Getting over sadness through repetition, or until something jolts you out of it, and then you crave something taht will open you back up all of the time."
Michael Queenland
in Musical Paintings

Karaoke Generation

"Today there are two words that sum up the culture: 'authenticity' is one, and the other... 'karaoke'! many artists spend their entire life trying to authenticate, make true, a karaoke culture – but you have to be a magician to make that happen."
Malcolm Mclaren
in Musical Paintings

We Are Going Nowhere And It's Now
Artist(Band):Bright Eyes

If you hate the taste of wine
Why do you drink it till you're blind?
And if you swear that there's no truth and who cares
How come you say it like you're right?
Why are you scared to dream of God
When it's salvation that you want?
You see stars that clear have been dead for years
But the idea just lives on...

In our wheels that roll around
As we move over the ground
And all day it seems we've been in between
A past and future town

We are nowhere and it's now
We are nowhere and it's now

And like a ten minute dream in the passenger's seat
While the world was flying by
I haven't been gone very long
But it feels like a lifetime

I've been sleeping so strange at night
Side effects they don't advertise
I've been sleeping so strange
With a head full of pesticide

I've got no plans and too much time
I feel too restless to unwind
I'm always lost in thought as I walk a block
To my favorite neon sign

Where the waitress looks concerned
But she never says a word
Just turns the jukebox on and we hum along
And I smile back at her

And my friend comes after work
When the features start to blur
She says these bars are filled with things that kill
By now you probably should have learned

Did you forget that yellow bird?
But how could you forget your yellow bird?
She took a small silver wreath and pinned it onto me
She said this one will bring you love
And I don't know if it's true
But I keep it for good luck

Thursday, November 19, 2009

Gone, gone, gone, gone, gone. Reduce.

The participant audience; the audience as an artist; the audience in control; the way we communicate and share information now in the internet age; amateur video/music covers; sampling; appropriation; re-creation.

To listen, to look, it's also to participate. It helps us map our emotions. The choices we make, what we chose to listen to, to watch, are also our way of communicating and expressing our emotions.

The title is a "sample" of the first word of the original title: "Gone with the Wind". But it also relates to the way we experience time. There is no present. Only past and future. The present moment is either expected or it's always gone, gone, gone, gone, gone now, now is gone, gone, gone...

reference: Martin Arnold

João Vasco Paiva

My task is not a grind.

This video is an appropriation, re-creation of a random choice of information available on the internet. The fragments correspond to a "sing along" version of A Spoonful of Sugar Helps the Medicine Go Down scene from the movie Mary Poppins, 1964, directed by Robert Stevenson.

I'm exploring the process of taking very familiar and recognizable film sequences from the internet, and editing it to create a completely different visual and audio output. The focus will be more and more on the sound. The visuals will become whatever it's linked with that particular sound I've isolated from the sequence. The result is unexpected.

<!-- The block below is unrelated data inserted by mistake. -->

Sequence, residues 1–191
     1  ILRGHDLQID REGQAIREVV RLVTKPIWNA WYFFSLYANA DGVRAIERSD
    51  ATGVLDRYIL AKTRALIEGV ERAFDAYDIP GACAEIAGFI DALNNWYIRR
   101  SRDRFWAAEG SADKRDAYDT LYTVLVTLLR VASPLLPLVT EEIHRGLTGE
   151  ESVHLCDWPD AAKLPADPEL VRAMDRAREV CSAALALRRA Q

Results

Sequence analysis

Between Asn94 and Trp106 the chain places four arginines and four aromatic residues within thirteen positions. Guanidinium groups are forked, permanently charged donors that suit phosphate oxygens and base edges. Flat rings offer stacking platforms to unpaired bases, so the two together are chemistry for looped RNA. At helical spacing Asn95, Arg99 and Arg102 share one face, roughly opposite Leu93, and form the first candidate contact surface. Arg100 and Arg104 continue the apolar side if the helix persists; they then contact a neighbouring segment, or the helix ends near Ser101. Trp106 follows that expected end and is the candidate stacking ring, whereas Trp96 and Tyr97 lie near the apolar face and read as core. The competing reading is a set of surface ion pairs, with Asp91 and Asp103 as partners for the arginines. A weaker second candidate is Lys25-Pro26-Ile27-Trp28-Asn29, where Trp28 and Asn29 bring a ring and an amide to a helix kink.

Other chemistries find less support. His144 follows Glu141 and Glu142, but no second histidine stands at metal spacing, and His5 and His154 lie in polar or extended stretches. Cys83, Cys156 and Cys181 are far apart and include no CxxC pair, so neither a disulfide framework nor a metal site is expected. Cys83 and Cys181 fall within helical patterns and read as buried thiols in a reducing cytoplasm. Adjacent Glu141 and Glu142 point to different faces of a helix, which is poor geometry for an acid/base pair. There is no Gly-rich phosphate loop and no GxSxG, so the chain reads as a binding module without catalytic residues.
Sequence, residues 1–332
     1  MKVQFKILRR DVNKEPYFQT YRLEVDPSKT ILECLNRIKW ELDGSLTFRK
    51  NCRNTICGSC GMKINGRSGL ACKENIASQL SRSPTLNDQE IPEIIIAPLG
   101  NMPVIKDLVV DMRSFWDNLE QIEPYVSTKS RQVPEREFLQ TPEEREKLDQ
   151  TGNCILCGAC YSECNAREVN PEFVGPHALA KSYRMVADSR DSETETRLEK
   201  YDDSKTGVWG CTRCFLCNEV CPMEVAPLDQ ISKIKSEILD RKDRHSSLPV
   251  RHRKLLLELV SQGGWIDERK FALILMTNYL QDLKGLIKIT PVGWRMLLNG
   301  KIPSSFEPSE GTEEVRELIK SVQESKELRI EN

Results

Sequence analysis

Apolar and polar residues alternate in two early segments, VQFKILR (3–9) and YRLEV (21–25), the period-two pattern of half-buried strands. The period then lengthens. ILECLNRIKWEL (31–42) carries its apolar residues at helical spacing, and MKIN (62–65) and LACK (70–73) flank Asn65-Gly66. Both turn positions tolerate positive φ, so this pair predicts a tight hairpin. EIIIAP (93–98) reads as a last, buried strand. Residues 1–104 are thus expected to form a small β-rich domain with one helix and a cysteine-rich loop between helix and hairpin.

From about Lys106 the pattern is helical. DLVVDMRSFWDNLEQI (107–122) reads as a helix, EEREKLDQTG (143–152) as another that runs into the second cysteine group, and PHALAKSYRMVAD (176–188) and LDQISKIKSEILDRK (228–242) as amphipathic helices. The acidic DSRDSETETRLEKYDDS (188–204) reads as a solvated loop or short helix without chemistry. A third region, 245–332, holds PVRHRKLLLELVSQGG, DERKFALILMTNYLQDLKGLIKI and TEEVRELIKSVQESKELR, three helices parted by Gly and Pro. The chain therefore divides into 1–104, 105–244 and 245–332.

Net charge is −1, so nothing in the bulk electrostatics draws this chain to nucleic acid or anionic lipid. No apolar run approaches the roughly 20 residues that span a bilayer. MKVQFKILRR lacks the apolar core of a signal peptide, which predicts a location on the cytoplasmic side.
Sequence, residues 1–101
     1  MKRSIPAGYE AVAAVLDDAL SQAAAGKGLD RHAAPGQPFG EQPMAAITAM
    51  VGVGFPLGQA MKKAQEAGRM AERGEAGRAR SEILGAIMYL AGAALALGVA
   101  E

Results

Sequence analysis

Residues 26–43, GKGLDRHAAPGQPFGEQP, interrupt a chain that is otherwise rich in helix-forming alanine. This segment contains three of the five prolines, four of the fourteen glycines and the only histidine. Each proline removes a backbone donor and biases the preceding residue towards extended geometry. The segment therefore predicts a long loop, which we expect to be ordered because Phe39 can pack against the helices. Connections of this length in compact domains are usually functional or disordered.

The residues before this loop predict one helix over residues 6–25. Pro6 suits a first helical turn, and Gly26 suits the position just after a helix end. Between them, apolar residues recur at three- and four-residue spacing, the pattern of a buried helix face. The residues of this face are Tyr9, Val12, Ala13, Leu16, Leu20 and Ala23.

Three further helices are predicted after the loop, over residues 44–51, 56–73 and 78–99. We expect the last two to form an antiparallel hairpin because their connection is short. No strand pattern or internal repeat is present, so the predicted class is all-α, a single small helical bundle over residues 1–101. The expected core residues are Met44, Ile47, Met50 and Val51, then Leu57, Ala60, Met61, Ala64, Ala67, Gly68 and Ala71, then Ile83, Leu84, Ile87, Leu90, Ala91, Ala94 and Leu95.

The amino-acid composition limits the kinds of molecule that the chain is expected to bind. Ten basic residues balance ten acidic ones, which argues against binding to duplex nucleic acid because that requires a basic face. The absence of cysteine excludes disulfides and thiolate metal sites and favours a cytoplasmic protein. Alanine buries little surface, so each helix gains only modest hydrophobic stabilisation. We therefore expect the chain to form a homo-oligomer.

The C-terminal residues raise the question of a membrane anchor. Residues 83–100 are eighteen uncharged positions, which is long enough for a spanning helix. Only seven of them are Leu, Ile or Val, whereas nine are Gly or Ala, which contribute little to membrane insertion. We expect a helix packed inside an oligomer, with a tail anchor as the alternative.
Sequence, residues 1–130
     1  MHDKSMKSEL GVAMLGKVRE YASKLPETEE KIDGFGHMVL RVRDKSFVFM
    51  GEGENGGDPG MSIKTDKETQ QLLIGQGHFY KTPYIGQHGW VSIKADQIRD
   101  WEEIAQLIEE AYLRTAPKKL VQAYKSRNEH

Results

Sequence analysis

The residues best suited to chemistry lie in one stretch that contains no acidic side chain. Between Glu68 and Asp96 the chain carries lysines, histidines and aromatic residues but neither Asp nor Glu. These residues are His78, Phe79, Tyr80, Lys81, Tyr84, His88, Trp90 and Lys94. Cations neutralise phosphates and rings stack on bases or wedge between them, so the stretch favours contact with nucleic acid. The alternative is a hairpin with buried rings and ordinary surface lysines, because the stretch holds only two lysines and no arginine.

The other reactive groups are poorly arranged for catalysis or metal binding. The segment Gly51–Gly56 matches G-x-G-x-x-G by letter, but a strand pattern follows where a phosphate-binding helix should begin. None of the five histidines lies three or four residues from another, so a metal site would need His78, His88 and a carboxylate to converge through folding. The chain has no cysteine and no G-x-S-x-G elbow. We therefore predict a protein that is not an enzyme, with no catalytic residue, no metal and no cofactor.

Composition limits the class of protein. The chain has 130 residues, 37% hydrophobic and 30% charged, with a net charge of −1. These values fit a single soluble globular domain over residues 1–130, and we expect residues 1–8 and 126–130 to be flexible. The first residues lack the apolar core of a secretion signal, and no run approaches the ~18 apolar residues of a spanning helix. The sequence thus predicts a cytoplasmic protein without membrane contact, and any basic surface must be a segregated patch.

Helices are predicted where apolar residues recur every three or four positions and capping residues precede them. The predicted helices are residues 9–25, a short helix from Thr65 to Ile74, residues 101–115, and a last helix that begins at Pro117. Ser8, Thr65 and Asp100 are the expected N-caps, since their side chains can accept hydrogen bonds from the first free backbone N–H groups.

For me to listen, to look, is also to participate. The audience as an artist is a concept growing with internet. In this Information/Digital/Attention Age we share and use information as if it is ours. Teenagers love to show videos of them playing their favorite music with a guitar in their tiny rooms. "I can be as famous as the original." And sometimes they are. The audience is more in control.

"And hence (Mary's reflection echoes: And hence),
They find (Mary's reflection echoes: They find)
(together) Their task is not a grind."

Joana Monteiro
Camberwell College of Arts
Exhibition: Inner Outside. Human Experience in the Digital Age.
November 09

Thursday, November 12, 2009

Wednesday, November 4, 2009


You can't really perceive a sound or an image until you hear it, see it, at least twice.

Tuesday, November 3, 2009

What age are we?

Is it:
Information Age
Digital Age
Anxiety Age
Attention age

From Wikipedia, the free encyclopedia

Information Age
The Information Age, also commonly known as the Computer Age or Information Era, is an idea that the current age will be characterized by the ability of individuals to transfer information freely, and to have instant access to knowledge that would have been difficult or impossible to find previously. The idea is linked to the concept of a Digital Age or Digital Revolution, and carries the ramifications of a shift from traditional industry that the Industrial Revolution brought through industrialization, to an economy based around the manipulation of information.

Attention Age
The Attention Age is an idea that the current period of time, which overlaps and builds off of the Information Age, will be characterized by the increasing commoditization of attention as it relates to the increasing abundance of information available, particularly on the internet. The Attention Age is marked by the ability of individuals to create and consume information instantly and freely as well as share it on the internet using social media. The period is believed to have begun with the emergence of social media in the first years of the 21st century.

Sunday, November 1, 2009

Time Goes

Second of this series:
"Time Goes"

The participant audience; the audience as an artist; the audience in control; the way we communicate and share information now in the internet age; amateur video/music covers; sampling; appropriation; re-creation; from internet to internet.

To listen, to look, it's also to participate. It helps us map our emotions. The choices we make, what we chose to listen to, to watch, are also our way of communicating and expressing our emotions.

And again. Time goes.
The age of anxiety.

reference: Martin Arnold